One recommendation calls on UVic to create a “safe space for survivors to meet and continue to problem-solve around the issue of retraumatization of survivors when they see respondents on campus.”

While safe spaces currently exist on campus in different forms, such as AVP and the Peer Support Centre (both student-run), there is no current space of this kind run by UVic.

“All UVic community members should have a basic right to justice and a safe and accessible learning/working environment, and that includes safety from the trauma and triggers that survivors experience,” said Bhandar.

Over the coming months, EQHR will be considering the review’s recommendations.

“I think we need to do them in a priority order,” said Dewis. “[But] we need to consider them all.”

Apart from the recommendation regarding safe spaces, Alex felt the suggestions were vague and focused heavily on awareness and interdepartmental communications rather than  directly supporting survivors.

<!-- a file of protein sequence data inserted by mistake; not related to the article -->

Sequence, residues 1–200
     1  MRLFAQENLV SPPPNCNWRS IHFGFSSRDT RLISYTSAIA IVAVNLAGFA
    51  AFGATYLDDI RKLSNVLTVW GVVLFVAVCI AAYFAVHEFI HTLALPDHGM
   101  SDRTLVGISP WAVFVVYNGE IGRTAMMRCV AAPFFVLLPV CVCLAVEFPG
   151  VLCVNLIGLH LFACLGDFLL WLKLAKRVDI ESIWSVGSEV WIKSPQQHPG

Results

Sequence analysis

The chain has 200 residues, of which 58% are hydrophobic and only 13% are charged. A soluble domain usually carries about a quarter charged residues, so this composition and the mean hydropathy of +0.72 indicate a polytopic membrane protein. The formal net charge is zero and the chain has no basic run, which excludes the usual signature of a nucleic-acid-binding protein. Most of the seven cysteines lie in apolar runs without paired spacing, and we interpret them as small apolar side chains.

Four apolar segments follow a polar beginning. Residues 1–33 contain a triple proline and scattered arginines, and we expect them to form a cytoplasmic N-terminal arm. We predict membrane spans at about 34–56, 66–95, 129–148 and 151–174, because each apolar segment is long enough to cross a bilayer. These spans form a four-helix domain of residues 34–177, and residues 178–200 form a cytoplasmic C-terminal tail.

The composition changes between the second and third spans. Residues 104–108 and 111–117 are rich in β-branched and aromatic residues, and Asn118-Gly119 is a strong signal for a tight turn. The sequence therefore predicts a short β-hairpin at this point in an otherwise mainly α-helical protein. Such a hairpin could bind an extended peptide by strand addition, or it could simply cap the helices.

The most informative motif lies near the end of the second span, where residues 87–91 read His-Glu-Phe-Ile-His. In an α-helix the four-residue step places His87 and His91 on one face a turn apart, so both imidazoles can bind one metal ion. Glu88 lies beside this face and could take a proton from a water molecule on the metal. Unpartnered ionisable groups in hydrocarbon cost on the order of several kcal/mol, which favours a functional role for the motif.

Moving forward, Dewis says she wants to explore other forms of addressing sexualized violence on campus, such as transformative justice and Indigenous forms of conflict-resolution.

“I think it had to happen, but personally I also think it’s another bureaucratic step that is not solving the problems that exist,” she said.

Kerr agreed that voices of people most impacted by the policy could be better represented.

“[I] believe that survivors and people who have engaged with the policy on a personal level should be given the opportunity to present their own recommendations,” said Kerr.